With the outbreak of war between Romania and the Soviet Union in June of 1941, all the Jews from the villages of the county were deported into Barlad. In the spring of 1943 the hospital, the old folk's home and the bath-house were confiscated by the “National Centre for Romanization”.
With their retreat from the advancing Red Army, the Al German forces under the command of General Woehler came into Barlad. The general suggested exterminating all the Jews of the place under the pretext that the Jews were trying to trade with his soldiers. Only the developments on the front, which were to the disadvantage of the Germans, spoiled this plan. Four Jews of Barlad, who were suspected of being Communists, were exiled to the camp at Vapniarca. They returned some time later.
After the war, life returned to normality, and the community continued its regular activities.
The chief of police in the time of the Holocaust, Ion Hagiu, who persecuted the Jews during his tenure, was sentenced in 1949 to three years in prison.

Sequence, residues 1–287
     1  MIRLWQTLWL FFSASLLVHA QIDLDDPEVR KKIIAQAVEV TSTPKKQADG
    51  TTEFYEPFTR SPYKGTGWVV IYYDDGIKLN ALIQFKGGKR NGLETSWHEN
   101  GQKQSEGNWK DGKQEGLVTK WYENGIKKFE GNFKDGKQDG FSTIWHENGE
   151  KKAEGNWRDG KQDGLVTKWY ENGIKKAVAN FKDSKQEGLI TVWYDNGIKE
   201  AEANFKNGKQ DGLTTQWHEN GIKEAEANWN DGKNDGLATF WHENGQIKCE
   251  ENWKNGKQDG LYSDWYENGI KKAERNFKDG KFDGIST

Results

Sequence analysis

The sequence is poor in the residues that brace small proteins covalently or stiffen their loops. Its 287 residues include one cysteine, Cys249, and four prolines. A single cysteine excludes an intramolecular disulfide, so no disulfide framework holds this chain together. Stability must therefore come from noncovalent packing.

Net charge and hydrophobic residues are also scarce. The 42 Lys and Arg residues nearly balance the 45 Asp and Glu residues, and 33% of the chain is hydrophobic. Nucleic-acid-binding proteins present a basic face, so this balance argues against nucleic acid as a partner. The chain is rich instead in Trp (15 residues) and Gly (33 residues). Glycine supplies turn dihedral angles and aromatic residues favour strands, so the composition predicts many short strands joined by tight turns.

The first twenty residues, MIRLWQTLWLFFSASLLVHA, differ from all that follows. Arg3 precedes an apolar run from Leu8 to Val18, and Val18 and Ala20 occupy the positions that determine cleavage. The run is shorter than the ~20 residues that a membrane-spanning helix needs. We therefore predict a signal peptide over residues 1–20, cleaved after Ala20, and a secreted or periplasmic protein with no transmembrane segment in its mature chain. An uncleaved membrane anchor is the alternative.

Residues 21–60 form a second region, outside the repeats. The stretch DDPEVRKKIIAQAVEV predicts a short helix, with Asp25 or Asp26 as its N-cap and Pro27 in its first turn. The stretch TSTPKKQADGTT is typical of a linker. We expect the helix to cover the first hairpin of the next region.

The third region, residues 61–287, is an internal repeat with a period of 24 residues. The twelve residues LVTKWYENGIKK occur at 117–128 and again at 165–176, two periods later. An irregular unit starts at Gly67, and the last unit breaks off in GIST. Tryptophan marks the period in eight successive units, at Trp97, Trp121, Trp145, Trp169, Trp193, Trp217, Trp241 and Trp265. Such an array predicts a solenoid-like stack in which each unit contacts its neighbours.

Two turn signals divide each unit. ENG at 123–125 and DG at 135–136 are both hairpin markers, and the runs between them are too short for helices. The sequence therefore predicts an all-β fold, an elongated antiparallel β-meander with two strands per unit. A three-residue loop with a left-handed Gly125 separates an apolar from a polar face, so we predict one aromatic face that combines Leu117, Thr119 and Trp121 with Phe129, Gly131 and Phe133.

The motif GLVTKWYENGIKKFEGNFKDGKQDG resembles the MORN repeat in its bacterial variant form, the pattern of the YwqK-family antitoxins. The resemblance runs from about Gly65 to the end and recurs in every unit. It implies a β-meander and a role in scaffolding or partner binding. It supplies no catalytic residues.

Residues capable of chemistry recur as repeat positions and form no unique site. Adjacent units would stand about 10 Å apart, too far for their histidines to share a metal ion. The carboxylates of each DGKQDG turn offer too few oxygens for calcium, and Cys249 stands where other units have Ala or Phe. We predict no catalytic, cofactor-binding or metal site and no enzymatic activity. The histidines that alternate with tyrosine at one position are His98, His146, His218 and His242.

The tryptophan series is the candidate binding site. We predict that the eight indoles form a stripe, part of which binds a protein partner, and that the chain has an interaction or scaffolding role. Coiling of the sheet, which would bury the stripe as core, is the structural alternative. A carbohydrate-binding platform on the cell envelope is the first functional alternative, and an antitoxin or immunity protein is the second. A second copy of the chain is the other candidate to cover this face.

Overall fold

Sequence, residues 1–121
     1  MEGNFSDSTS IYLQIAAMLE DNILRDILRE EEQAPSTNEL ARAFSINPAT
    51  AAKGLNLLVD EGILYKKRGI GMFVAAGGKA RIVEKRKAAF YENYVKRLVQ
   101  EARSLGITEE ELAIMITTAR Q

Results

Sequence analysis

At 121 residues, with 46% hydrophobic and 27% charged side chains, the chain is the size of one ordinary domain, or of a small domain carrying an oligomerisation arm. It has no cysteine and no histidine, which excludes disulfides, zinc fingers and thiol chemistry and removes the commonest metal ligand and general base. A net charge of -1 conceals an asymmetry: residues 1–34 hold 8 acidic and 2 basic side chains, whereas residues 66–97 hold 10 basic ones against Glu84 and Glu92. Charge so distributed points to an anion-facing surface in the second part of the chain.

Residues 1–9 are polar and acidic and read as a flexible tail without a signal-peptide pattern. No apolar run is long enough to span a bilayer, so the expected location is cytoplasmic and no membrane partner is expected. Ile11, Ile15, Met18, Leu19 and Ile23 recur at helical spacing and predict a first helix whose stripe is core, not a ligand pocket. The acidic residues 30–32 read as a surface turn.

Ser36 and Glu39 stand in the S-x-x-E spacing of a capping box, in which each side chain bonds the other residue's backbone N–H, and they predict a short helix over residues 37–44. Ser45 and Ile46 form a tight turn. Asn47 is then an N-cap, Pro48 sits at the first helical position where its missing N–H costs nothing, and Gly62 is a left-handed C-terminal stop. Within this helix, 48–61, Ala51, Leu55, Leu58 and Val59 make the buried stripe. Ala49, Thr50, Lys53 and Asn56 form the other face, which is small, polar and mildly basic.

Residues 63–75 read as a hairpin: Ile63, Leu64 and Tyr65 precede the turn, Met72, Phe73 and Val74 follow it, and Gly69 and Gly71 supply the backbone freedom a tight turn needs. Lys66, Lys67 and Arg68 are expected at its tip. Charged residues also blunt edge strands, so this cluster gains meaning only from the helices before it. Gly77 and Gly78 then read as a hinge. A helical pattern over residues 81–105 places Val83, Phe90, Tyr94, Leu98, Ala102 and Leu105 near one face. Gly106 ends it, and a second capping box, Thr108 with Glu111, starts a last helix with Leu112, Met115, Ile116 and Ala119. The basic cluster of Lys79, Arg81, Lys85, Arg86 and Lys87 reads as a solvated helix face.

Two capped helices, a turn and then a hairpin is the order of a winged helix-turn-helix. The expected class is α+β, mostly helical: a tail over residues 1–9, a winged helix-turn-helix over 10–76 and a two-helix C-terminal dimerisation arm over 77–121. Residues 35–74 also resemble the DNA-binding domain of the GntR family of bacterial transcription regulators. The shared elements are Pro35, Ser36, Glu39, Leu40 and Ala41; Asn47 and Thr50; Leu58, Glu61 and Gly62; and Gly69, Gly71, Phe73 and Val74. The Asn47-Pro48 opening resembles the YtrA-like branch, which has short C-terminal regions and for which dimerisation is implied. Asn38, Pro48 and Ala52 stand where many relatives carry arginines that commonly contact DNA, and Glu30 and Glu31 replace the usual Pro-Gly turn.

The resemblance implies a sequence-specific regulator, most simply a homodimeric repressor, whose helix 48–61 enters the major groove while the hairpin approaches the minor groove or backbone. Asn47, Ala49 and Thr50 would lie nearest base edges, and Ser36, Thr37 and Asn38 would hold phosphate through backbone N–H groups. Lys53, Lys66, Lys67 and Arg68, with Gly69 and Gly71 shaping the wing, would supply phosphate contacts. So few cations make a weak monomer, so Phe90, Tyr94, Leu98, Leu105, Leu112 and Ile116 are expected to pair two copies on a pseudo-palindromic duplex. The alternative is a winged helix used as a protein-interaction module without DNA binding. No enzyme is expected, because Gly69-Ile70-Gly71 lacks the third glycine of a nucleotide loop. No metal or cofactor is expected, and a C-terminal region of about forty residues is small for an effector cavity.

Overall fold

The Jewish Community nowadays
Nowadays only a few Jewish families live in Barlad (34, most of which old people).
The old synagogue was destroyed in the communist era. There is now a prayer house where the small community gathers every Sunday.
The Jewish cemetery, built in 1845 can still be visited.
The museum in Barlad houses the impressive collection of furniture belonging to Dr. Wainfeld.
The president of the community is Mr. Bernat User, born in 1927.

Encyclopaedia of Jewish Communities in Romania
The Romanian Jewish Community

Photos from
private collections